ever seen a Bridgeport coffee mill?

I'm a newbie coffee roaster, don't have a real espresso grinder yet so I'm still
using my '70s yard sale KYM, a little German burr grinder. When I crank it down
to get an espresso grind it's pretty hard to run 1/4 cup of beans through there,
lot of work. This is my solution, quick & dirty, thought you guys might get a
kick out of it:
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Grant Erwin
Kirkland, Washington
Reply to
Grant Erwin
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I'll bet that gets it done in a *hurry*. What rpm can you run it before Bad Things happen? =)
Reply to
StaticsJason
Now if we can come up with a cotton candy attachment, that would be exciting for the family.
Reply to
Richard J Kinch
Necessity IS the mother of invention...:) especially where caffeine is concerned. I have a pop can sized 120v 1/4 cup espresso grinder distributed by Starbucks. Picked it up in '97. The thing cranks; Won't die. JR Dweller in te cellar
Grant Erw> I'm a newbie coffee roaster, don't have a real espresso grinder yet so
Reply to
JR North
Grant, YOU are my hero! (tears running down our faces here)
(We have use the 60 ton Bliss to make Schnitzel)
Reply to
Tom Gardner
I love it lazy and smart.
Reply to
Jim Sehr
This is my *only* burr grinder for the moment, Jason - resolving your question precisely would involve destructive testing. Therefore this becomes a for-money proposal: to get an answer to your question will require that you provide me another grinder prior commencement of testing.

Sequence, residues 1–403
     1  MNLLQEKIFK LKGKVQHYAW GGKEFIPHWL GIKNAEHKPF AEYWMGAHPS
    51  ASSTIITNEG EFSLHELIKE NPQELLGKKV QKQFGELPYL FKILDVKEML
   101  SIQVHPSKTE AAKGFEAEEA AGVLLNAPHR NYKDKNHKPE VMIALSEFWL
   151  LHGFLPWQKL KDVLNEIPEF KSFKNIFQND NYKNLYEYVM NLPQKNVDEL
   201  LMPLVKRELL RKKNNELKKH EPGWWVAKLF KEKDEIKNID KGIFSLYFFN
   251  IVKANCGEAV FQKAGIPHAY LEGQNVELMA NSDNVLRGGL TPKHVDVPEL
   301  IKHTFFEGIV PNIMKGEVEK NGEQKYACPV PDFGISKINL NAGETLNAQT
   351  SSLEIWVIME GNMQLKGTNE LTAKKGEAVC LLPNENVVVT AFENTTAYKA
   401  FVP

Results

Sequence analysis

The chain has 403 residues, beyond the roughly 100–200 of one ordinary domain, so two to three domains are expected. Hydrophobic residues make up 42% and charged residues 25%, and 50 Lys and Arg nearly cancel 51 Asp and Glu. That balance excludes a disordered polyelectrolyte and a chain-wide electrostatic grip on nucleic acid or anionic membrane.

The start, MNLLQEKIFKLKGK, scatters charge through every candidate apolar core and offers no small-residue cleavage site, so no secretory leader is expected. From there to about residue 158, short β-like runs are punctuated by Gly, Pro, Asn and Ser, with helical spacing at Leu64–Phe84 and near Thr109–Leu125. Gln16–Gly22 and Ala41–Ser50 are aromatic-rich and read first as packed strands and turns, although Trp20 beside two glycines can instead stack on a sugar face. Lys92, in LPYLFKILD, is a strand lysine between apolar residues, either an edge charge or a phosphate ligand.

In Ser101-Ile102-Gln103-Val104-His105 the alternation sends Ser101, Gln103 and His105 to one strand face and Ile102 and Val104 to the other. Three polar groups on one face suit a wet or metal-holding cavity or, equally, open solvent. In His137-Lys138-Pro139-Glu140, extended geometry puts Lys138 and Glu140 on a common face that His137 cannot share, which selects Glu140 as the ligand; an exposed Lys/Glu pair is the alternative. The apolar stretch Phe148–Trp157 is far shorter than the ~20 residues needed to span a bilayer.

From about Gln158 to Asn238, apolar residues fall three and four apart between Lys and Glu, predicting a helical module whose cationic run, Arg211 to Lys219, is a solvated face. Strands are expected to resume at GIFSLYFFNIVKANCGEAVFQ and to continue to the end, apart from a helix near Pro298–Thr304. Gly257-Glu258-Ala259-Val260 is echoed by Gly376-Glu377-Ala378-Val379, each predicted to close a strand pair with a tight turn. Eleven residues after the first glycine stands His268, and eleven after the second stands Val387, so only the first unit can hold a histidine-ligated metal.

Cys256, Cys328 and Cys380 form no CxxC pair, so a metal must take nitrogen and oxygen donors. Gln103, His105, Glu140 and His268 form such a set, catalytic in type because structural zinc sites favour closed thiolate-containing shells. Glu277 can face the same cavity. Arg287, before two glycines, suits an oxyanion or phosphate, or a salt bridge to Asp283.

I run it at the lowest backgear speed, something like 80 rpm, a tad more than once per second, only a little faster than I turn it by hand. The difference in the pain level in my arm however is striking.
GWE
Reply to
Grant Erwin
HOT DAMN! I could use my 35-ton ironworker's bar shear to cut up racks of ribs!
Tom, you are my idol ..
GWE
Reply to
Grant Erwin
On Sat, 04 Mar 2006 16:19:19 -0800, with neither quill nor qualm, Grant Erwin quickly quoth:
Man, can you say "Overkill"? I knew you could. What kind of low-end speed does that baby (Herr BridgeP) have? You'd fry that grinding puppy in a few seconds at most milling speeds.
That's a keeper photo, fer sher.
-------------------------------------------------------------------- The more we gripe, *
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longer God makes us live. * Graphic Design - Humorous T-shirts
Reply to
Larry Jaques
On Sat, 04 Mar 2006 19:18:12 -0600, with neither quill nor qualm, Richard J Kinch quickly quoth:
For more fun, go Google rec.woodworking for the 1997 story of "resawed beans" or the 2001 story entitled "Router Accident in the Kitchen". They're keepers, too.
I'll look for the pic which synced with the resawed beans thread. It had something to do with a chainsaw and a frozeded turkey.
-------------------------------------------------------------------- The more we gripe, *
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longer God makes us live. * Graphic Design - Humorous T-shirts
Reply to
Larry Jaques
While we're on the "misuse of tools" theme, I once used a 26.5" hydraulic paper cutter to slice a grinder for lunch.
Pete C.
Reply to
Pete C.